South Otter Draft Decision Notice Available for Landscape Restoration and Resiliency Project
By Moosetrack Megan

Posted: January 18, 2023

Ashland, MT – January 18, 2023 – A draft Decision Notice is available for the Ashland Ranger District, Custer Gallatin National Forest’s South Otter Landscape Restoration and Resiliency Project, located approximately six miles south of Ashland, MT, and Highway 212.  The project encompasses 292,000 acres of National Forest System lands making up primarily the southern portion of the Ashland Ranger District and substantially overlapping the Powder River and Rosebud Counties Community Wildfire Protection Plans, which aim to identify and protect values at risk for the respective communities.

“Over a third of the of the Ashland Ranger District’s landscape has burned since 2012, with high severity and high intensity, resulting in substantial levels of tree mortality and vegetation change,” said Ashland District Ranger Ron Hecker.  “Additionally, when walking across much of the South Otter project area we have an abundance of seedling and sapling trees that burned prior to 2012. This project uses forest management tools, such as prescribed burning and thinning to reduce negative effects of future wildfires, while also enhancing conditions that welcome frequent low-intensity fire events.”

This project will treat this landscape over the next 8–20-years, utilizing prescribed fire (184,150 acres), commercial harvest (26,350 acres), non-commercial thinning (11,165 acres) and focused tree-planting efforts (39,940 acres). Treatment objectives include:

  • improving overall forest resiliency in ponderosa pine forested areas,
  • providing for biological and structural diversity,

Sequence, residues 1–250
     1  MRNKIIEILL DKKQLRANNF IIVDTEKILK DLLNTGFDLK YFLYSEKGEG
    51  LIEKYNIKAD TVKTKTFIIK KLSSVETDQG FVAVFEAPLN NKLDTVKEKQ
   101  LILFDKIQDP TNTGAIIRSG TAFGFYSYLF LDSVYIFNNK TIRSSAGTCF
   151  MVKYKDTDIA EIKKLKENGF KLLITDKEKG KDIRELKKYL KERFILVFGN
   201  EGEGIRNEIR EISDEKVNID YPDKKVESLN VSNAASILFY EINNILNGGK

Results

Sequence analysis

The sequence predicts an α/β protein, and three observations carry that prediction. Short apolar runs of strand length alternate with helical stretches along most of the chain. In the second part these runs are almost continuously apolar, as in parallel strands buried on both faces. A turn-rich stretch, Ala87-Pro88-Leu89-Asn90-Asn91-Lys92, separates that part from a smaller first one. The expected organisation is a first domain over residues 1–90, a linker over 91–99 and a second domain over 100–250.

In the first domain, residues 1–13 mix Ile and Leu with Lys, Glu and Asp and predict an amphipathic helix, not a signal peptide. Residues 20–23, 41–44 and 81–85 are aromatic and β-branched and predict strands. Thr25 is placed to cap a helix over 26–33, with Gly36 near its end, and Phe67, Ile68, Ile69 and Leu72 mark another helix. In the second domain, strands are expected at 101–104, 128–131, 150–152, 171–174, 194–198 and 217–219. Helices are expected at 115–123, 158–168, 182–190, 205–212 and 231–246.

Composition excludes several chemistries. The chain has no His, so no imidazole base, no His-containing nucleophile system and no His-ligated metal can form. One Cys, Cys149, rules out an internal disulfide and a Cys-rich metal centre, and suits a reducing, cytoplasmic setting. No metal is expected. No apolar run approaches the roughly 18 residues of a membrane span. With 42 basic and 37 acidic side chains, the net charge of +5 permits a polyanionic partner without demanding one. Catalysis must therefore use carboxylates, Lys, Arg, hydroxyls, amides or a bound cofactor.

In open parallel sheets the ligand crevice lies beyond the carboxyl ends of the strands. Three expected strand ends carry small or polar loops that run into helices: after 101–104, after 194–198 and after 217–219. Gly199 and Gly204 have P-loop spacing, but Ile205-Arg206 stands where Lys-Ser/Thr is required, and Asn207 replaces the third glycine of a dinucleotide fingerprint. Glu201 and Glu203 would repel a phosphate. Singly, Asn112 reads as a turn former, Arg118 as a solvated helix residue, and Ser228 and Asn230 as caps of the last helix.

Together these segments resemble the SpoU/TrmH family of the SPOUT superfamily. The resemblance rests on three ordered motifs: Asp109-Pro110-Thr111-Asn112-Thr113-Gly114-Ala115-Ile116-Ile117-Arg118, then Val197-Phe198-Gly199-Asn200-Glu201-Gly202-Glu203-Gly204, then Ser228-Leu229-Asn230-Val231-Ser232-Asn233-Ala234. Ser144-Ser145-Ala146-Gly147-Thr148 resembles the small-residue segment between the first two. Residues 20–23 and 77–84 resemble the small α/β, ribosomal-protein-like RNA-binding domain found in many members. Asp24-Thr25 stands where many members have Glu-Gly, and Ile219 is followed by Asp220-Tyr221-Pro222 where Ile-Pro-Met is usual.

• reducing the risk of large-scale catastrophic wildfire and,
  • reducing fuel loading in forested stands.

Proposed treatments are also designed to refresh native grasslands and forested areas, along with providing local jobs, services, and products (estimated 139 jobs/$7.0 million in labor income).

Prescribed burns would increase plant forage, palatability and yield 3-5 years post burn.  Grasses and forbs are expected to increase and benefit big game wildlife species in both the short and long-term. Any old growth conifer patches would be retained on the landscape. Approximately 25 miles of system roads that are closed to the public, but available for administrative use are proposed to be decommissioned.  Additionally, up to 168 miles of temporary roads may be constructed to facilitate commercial timber harvest, that would be temporary on the landscape, decommissioned and closed after completion of vegetation treatments.

To review documents, including project record visit online at: or, select managing the land, then select projects to navigate to all forest-wide projects.  Objections are open for 45-days from the day after the legal notice published in the Billings Gazette (anticipated January 18, 2023) and is limited to those that have previously submitted specific written comments regarding the proposed project during scoping or other designated opportunity for public comment.  Issues raised in objections must be based on previously submitted timely, specific written comments regarding the proposed project, unless based on new information arising after the designated comment opportunities §218.8(c). All public comments received are part of the project record.

Choose to opt-in to participate in forest-wide project notifications or topic-based projects, depending upon interests. For general information follow Custer Gallatin National Forest: or on Twitter @CusterNF@GallatinNF.

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